But I don't always know how to get there. Throw me square into a pile of junk, and I have no idea where to start. Set me down somewhere tidy and I will be able to keep it that way.
Since having children (well, and even since having a husband) this is not realistic. My life is cluttered, in more ways than one. And there are parts of that I like, because the messiness is often reflective of a life well-lived. A full life.
Then there's "too much." Over the years, I have gained a greater appreciation for what "too much" means. For a half-dozen years now, I've been taking part in garage sales, selling hundreds of dollars of STUFF each spring. You think I'd have nothing left by now, but unfortunately that's not the case. (How is it possible, since I have less money to spend on stuff than ever before!)
I know I am incredibly blessed. By and large, all the stuff in my house represents a loving and thoughtful gift or act of kindness, mixed in with the occasional "what the ...?" buys that my kids have talked me into over the years.
But it's more than I need. And I know this because if you take a worldview of our financial situation, it's shocking. Reading Interrupted by Jen Hatmaker recently has re-opened my eyes to that fact, to the truth that even being poor in America has its distinct advantages. A few stats from her book:
- The wealthiest 1 billion people in the world average $70 a day.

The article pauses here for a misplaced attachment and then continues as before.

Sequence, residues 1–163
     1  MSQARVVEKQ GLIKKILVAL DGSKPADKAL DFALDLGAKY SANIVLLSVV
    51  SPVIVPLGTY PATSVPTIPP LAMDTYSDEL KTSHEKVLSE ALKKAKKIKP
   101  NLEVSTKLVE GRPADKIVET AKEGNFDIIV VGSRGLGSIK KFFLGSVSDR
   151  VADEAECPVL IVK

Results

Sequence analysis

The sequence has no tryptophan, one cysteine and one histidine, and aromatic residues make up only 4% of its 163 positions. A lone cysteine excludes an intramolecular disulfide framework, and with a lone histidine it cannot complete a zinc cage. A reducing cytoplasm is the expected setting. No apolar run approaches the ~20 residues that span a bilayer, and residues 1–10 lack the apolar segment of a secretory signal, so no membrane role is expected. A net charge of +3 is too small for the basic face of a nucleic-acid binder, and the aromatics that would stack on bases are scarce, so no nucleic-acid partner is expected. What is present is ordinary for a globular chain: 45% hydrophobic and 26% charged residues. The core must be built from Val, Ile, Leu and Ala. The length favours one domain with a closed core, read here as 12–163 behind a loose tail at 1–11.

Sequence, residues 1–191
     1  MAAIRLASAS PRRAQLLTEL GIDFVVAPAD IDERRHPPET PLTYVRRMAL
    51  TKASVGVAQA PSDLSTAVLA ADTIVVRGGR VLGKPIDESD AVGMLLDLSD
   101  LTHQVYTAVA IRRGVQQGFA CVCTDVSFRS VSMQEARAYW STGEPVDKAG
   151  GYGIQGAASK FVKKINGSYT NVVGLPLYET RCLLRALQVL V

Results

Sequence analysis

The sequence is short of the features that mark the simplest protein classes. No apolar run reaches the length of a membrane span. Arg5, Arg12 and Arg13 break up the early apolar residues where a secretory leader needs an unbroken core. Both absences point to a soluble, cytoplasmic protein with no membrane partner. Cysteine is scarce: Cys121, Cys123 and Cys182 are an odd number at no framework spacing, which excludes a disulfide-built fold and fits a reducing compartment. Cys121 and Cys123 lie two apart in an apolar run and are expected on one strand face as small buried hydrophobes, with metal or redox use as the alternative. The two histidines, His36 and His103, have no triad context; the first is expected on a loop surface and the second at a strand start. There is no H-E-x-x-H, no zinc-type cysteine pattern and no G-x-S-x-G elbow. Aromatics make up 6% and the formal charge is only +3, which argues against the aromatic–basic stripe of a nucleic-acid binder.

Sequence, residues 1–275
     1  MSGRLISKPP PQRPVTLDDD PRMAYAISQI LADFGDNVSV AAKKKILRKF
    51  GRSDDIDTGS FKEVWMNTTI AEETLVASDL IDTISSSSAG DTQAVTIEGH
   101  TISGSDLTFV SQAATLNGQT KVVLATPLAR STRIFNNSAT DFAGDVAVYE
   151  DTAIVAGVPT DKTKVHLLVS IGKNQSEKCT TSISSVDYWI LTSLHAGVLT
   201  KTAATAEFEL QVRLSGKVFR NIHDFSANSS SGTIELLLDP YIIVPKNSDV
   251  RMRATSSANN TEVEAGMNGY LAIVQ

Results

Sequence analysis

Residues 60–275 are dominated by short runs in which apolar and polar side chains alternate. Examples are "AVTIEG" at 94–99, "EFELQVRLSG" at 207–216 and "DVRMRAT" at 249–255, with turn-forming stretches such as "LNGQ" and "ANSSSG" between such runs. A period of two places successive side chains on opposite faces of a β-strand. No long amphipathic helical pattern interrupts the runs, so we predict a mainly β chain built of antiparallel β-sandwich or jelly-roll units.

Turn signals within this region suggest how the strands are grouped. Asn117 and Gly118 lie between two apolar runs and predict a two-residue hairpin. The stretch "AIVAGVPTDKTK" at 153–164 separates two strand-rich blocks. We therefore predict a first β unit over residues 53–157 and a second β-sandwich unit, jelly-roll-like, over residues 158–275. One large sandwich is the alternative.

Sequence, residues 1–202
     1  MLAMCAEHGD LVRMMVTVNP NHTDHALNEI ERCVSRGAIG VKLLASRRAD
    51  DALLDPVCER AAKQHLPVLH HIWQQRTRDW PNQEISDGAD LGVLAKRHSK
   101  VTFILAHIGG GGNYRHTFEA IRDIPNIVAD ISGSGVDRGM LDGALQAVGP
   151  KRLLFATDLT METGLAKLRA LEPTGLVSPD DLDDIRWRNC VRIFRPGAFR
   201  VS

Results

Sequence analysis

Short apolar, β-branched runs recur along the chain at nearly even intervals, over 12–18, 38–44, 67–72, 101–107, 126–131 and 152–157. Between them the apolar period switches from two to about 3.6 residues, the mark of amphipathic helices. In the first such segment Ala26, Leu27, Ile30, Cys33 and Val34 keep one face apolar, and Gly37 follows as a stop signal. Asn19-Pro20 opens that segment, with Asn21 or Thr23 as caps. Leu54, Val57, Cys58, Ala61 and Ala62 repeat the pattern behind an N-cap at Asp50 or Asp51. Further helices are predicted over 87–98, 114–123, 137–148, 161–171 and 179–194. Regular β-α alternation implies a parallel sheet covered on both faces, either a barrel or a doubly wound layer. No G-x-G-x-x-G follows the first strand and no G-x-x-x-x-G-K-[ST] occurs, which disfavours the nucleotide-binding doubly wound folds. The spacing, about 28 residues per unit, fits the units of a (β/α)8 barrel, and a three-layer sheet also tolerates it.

- If you make $35,000 annually, you are in the top 4 percent. At $50,000 annually, you are in the top 1 percent. (what?!)
- We spend more annually on trash bags than nearly half the world spends on all good combined
- 8 percent of the rest of the world owns a car
- One-third of all American families own 3 cars
It's hard to imagine. Scott and I are decidedly smack in the middle of middle-class when it comes to our salary, which is comfortable. But there are times when it feels tight. That's the reality of life in America. But when you look at those numbers, it's almost unfathomable (did I spell that right?) that we feel this way when the rest of the world doesn't. Or can't.
And the bigger question: what should we really be doing with all of our excess?
My oh my.
So at our house, we are challenging ourselves to live on less, to have less. For those of you who know Scott, this isn't much of a stretch. He's the guy who claims he can live in a cardboard box (um, yeah...). I'll admit to being more of the "keeping up with the Jones's" type. This challenge is definitely a stretch for me.
But one benefit? An uncluttered house. And that just started with the basement. I know the photos aren't great, but you get the idea:
Clutter removed and the rest organized. Selling or donating the excess. It's a place to start.